However, what China is doing now has nothing to do with that sort of spying. They have their own spy sats and would know it if we were building up nuclear arms (or conventional ones for that matter). I'll also remind you that the USSR was an enemy country, whereas China is supposedly not. The amount and type of spying we're seeing is not the type you normally see from a friendly country. Yes, yes, the US and its allies do a little spying on each other, blah, blah, balh, but nothing approaching this level.

guess those (4, Insightful)

nimbius (983462) | about a year ago | (#43656435)

sequestration cuts are getting a little close.
Seriously, terrorism or communism. I only have enough patience for one government-sponsored boogey man at a time.
Schedule it between the mandatory monthly fiscal cliff panic and the gay marriage thing if you could...or if you can roll it into some weird freedom war that works too.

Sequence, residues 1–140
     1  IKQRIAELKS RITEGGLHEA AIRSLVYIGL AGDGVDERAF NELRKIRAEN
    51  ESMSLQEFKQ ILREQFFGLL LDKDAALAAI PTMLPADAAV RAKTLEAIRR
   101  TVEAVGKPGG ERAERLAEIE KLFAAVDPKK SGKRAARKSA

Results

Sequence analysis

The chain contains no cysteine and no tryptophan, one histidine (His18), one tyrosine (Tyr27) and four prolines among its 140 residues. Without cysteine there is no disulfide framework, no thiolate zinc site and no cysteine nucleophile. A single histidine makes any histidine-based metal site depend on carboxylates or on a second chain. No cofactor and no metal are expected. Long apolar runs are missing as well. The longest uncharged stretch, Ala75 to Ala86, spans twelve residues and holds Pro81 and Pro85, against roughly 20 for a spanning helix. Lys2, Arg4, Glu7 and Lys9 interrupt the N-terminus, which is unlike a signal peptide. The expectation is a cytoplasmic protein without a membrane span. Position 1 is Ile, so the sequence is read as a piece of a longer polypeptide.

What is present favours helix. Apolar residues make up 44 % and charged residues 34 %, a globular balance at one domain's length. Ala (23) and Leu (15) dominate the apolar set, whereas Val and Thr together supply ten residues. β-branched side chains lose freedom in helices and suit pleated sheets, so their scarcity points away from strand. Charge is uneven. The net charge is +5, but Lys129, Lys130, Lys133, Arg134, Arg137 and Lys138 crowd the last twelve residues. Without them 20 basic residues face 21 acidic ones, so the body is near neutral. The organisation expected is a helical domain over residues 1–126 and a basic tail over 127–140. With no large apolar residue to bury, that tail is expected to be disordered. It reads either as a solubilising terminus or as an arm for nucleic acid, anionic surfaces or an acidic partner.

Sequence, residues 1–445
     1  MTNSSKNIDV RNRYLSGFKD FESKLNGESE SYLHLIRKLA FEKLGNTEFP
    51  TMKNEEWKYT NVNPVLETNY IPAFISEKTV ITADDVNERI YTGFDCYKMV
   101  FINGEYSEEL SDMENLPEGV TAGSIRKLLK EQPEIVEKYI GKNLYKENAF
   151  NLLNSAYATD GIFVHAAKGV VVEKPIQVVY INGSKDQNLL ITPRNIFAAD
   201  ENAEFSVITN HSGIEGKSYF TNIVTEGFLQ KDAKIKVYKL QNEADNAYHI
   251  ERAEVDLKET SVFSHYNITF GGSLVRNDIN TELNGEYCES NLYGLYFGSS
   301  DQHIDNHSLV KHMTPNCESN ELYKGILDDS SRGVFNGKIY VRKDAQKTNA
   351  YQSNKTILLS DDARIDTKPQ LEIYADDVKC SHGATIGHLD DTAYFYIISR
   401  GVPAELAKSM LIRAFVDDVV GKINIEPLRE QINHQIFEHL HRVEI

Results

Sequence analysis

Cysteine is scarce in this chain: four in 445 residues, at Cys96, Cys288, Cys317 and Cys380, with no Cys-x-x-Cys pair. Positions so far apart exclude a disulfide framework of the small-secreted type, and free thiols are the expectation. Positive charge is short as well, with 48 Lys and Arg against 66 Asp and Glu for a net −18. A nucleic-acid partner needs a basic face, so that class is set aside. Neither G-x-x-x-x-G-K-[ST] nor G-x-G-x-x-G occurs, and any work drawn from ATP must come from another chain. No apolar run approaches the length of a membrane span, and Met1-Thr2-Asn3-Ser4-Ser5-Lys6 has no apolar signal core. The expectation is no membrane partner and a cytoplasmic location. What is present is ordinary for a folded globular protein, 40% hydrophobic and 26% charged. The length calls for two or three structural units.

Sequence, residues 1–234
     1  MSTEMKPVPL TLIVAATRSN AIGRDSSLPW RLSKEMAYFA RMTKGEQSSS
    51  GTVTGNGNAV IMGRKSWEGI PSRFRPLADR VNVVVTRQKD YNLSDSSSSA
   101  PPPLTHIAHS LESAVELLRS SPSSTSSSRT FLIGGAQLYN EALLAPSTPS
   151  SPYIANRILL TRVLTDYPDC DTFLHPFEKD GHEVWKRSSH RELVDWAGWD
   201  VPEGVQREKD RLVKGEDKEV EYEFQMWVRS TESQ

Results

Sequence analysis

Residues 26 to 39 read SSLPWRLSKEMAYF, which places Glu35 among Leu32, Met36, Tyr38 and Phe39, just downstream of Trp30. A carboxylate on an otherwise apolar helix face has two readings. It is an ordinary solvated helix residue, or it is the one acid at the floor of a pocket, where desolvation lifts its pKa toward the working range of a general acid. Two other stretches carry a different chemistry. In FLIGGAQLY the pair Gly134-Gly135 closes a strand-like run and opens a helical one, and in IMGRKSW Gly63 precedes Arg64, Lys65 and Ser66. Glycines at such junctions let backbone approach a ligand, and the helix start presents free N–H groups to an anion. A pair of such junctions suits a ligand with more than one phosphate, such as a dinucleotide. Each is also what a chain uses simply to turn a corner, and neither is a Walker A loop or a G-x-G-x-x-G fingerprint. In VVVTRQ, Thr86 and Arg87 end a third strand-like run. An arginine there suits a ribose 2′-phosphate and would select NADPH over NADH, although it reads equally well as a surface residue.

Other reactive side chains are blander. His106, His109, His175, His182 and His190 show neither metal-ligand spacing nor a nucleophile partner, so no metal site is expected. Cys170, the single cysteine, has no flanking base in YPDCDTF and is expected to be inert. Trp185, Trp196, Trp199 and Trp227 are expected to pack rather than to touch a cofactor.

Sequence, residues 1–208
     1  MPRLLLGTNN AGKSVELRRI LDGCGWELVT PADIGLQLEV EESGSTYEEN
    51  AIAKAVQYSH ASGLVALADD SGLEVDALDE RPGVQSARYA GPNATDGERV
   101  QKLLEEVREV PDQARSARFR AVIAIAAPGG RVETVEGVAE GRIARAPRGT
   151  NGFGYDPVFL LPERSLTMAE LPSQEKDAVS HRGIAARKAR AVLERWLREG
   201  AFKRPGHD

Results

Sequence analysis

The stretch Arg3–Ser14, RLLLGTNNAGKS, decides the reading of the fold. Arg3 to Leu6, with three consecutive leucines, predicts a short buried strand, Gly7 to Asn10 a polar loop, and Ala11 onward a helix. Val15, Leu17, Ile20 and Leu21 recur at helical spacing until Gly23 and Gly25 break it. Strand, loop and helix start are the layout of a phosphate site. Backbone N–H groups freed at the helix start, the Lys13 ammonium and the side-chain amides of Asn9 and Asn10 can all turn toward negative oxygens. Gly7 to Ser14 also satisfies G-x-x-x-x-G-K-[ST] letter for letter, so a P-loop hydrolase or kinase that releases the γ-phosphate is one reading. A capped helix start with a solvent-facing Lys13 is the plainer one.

Re:guess those (2)

VortexCortex (1117377) | about a year ago | (#43657339)

The Terrorists are Funding Free and Open Source Software made by Cheap Chinese Labor in order to Devalue the sacred Intellectual Property made by American Industry! If we fall off the Fiscal Cliff there will be no Funds to Save us from the Armies of the Pot Smoking Freetardians and their legions of Homosexual Concubines! Do you want your children to live in a world where Child Porn is distributed by Slant-Eyed Ladyboys with Neckbeards to further the Terrorist agenda?!

Act now! Vote Yes, on the LIBERTY Act to safe our great nation:
Legislation to Insulate Babies Eyes and Reduce Terrorist Yiffing.

HERE IS COMES ... !! (0)

Anonymous Coward | about a year ago | (#43656539)

Nuke Em Now !!

Let's Troll 'em! (4, Insightful)

caspy7 (117545) | about a year ago | (#43656567)

I say we request that businesses and government agencies (especially ones we know they've gone after) set up poorly secured areas with misinformation about "important" projects and such.